Russia has failed to challenge EU-US relations – OpEd – Eurasia Review

Contrary to Russia’s expectations, the war in Ukraine and the crises it entailed not only damaged EU-US relations, but also improved them to the point that the French proposal for “strategic autonomy for Europe is now relegated to oblivion.

As during the Cold War, Russia has sought to exploit the breakdown in transatlantic relations under Trump and weaken the Europe-US political and economic alliance. However, except for some limited successes in Serbia and Hungary, Moscow failed to achieve its goals.

Moreover, the countries which were part of the Soviet Union and which until recently regulated their foreign policy in accordance with Moscow, are changing course in the new situation and showing a greater desire to maintain their independence. All of this, together with the enlargement of NATO to Finland and Sweden, reflects the fact that Russia’s aggressive foreign policy is heading, in practice, towards an uncertain future.

Although in recent years Germany and some other European countries have had close ties with Russia and depended on its energy, the Ukrainian crisis has shown Russians that energy and geopolitical issues are inseparable. In other words, given Russia’s abysmal record, Europe’s reliance on its gas and oil is a glaring mistake.

Overestimating the importance of its energy sources for European countries has led Russia into a serious geopolitical miscalculation. Sweden’s and Finland’s NATO membership shows that not only has Russia failed to fend off threats by setting an example for Ukraine and intimidating its neighbors, but that it has fact created a front against Moscow that stretched to the eastern and northern borders of Europe.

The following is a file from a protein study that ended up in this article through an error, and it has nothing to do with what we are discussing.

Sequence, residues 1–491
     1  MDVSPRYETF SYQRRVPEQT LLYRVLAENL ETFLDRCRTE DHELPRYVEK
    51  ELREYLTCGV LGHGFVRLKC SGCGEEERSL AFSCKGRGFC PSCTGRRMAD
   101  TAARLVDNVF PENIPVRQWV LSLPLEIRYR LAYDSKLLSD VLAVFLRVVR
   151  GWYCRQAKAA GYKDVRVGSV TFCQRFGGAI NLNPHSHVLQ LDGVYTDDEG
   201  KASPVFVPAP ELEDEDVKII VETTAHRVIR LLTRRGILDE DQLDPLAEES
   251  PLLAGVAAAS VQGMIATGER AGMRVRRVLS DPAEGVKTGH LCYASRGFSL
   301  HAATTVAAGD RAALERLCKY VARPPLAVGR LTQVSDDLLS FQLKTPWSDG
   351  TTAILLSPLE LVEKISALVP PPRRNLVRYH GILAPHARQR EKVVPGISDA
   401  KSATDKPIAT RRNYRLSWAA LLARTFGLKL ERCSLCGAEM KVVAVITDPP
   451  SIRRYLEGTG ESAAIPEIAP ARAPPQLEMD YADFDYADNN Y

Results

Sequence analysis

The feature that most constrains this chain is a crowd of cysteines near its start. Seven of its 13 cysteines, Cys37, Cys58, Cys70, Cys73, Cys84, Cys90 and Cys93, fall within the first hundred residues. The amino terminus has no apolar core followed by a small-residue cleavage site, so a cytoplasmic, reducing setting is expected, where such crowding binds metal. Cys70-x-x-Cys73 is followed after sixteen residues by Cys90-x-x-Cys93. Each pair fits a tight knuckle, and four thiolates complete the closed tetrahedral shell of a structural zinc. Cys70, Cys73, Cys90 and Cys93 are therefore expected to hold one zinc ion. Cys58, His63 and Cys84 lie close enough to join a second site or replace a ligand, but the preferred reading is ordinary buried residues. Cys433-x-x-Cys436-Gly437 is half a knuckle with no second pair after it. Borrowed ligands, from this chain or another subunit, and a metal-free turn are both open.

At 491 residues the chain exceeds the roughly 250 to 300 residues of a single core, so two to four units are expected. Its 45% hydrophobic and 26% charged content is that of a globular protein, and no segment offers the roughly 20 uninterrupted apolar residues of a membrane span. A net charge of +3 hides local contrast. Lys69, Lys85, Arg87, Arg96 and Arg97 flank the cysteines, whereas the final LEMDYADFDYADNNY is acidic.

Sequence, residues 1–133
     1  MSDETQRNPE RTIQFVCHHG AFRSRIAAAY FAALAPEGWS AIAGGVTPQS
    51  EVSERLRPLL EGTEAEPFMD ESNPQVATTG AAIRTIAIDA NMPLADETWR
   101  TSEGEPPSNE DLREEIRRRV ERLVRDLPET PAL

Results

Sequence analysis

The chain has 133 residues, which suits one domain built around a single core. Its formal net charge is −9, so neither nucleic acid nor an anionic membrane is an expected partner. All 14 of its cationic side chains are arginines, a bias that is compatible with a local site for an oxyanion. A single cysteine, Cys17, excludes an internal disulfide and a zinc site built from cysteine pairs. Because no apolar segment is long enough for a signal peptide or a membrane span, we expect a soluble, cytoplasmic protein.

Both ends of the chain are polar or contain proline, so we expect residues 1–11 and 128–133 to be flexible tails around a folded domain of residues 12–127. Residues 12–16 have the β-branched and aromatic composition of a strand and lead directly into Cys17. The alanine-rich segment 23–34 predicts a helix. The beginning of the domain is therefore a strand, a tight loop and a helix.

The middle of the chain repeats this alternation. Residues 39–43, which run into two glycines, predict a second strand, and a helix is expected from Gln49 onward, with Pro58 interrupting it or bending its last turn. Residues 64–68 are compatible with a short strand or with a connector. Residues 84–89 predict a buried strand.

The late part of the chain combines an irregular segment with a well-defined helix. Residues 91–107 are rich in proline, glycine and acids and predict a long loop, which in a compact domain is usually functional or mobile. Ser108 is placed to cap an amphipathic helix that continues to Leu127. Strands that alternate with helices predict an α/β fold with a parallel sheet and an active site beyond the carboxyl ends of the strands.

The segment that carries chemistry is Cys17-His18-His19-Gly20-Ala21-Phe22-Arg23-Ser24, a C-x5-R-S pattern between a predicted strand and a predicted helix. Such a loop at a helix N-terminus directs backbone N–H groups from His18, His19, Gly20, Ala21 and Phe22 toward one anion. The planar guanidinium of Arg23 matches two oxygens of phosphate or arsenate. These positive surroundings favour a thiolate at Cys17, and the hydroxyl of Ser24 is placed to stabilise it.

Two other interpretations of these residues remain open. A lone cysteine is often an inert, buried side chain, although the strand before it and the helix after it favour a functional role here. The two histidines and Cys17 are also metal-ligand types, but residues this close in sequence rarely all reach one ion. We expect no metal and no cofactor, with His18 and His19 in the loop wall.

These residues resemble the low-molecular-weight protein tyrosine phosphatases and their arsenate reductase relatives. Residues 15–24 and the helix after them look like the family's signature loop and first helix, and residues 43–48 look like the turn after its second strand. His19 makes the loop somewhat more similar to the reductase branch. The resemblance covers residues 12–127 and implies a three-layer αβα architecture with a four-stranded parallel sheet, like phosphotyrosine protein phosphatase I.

Over the past two decades, the United States has manufactured a new enemy in the East and attempted to separate China from Russia through ping-pong diplomacy. In the wake of the Ukraine crisis, the United States has redoubled its efforts to break up the Sino-Russian alliance in order to weaken Russia and focus on China as its most serious global competitor.

At the start of the war, Washington was ready to cede Ukraine to reach a compromise with Moscow. But things changed when the Ukrainian people stood up for their country and the Baltic States and Poland gave their support. In a strategic shift, the United States increased its military aid to Ukraine and instead focused on defeating Russia.

However, the United States is not Russia’s only problem. Public opinion in post-Soviet and Central Asian countries is completely against Russia and is doing everything to show solidarity with the Ukrainian people. In fact, the peoples of these countries are taking the opportunity to voice their opposition to the approach of the Moscow-affiliated leaders. This approach also has a historical cause and dates back to a time when the Soviet political order reigned in these countries.

The people of Central Asia and other countries that became independent from the Soviet Union still remember the discrimination, repression and killings of that time, and many of them lost loved ones. Some leaders, like in Kazakhstan, even rejected Russia’s request to send troops to Ukraine, and went so far as to say they did not want to be behind the Iron Curtain.

Following Russia’s invasion of Ukraine, the United States was forced to intervene in Europe and reconsider its “pivot to Asia” policy, prompting NATO to increase its threats against Moscow in expanding its eastern and northern borders. Of course, unlike the United States, Europe is the first victim of this growing mutual tension.

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